James Nestor:
Yeah. Give me a little PTSD here, silicon, these big balls of silicon with tape over it. And if that sounds awful is because it totally was.

Oscar Trimboli:
Let’s do the opposite. How did you false breathing through your nose and not through your mouth, on the other side of the experiment?

James Nestor:
We taped our mouths. And I don’t mean like a hostage situation. I mean, a teeny piece of tape, very small one inch wide piece of tape, just at the centre of our lips and the point of this wasn’t to inhibit air in and out of our mouth. It was just to remind us to keep our mouths closed. So within a single night of doing that, our snoring disappeared or sleep apnea disappeared. I think I had gone from four hours at the worst to about 20 minutes the first night. So big improvement, not totally gone, but within about three or four days, zero snoring, zero sleep apnea and Anders, the other person in the study had the exact same result as I did.

James Nestor:
And subjectively, personally, the feeling the difference of energy and clarity and focus and endurance from just breathing through those different channels was night and day. And I thought this was so interesting because I had been told by a few doctors that how we breathe did not matter. The body will always compensate. It doesn’t matter if you breathing too fast, too slow, through the nose or through the mouth, it doesn’t matter. But that is absolutely wrong, how we breathe is so important. And I’ve really seen the medical community starting to change it’s tune.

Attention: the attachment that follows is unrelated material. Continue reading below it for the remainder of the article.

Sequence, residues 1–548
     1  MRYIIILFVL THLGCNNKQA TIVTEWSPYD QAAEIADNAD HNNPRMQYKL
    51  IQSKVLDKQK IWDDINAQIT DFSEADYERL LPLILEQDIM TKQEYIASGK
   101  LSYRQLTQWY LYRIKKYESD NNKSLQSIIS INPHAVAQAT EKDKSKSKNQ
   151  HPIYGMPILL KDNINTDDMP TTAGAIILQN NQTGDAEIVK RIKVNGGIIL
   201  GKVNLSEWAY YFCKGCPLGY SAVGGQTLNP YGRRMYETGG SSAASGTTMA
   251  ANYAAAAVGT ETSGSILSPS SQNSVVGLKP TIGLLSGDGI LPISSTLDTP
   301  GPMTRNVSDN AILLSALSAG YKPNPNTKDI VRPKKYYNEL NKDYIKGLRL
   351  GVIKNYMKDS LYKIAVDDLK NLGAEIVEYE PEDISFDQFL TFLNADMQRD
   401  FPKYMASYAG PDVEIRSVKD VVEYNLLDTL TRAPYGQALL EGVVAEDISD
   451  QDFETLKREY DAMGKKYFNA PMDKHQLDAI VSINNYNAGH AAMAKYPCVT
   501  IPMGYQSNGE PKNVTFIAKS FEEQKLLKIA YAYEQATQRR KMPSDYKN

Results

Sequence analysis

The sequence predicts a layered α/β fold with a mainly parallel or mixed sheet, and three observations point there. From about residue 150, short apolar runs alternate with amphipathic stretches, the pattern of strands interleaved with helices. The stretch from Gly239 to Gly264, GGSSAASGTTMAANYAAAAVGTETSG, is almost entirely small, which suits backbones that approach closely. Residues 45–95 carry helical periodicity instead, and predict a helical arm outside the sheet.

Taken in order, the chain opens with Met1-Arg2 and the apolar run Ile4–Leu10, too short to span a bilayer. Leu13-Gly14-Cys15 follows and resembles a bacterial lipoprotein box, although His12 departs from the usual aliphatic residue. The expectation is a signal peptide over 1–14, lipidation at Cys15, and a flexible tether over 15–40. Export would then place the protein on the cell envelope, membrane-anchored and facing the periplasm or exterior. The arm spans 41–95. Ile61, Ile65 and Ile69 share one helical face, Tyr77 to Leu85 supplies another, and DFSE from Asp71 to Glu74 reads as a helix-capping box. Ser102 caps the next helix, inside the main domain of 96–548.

Oscar Trimboli:
When we joined the dots between the process of breathing, the ancients and how that can help us in reflection in modern times, I’m not a religious person, but there is a significant learning across all the ancient cultures around the role of prayer and the intersection of prayer and breathing as well.

James Nestor:
So these Italian researchers, about 20 years ago, they looked at the Catholic prayer, the Ave Maria, the traditional prayer of the rosary, where in Latin a priest says a phrase and then the congregation says a phrase. And then they looked at the Om mani padme hum, which is the most famous Buddhist mantra.

James Nestor: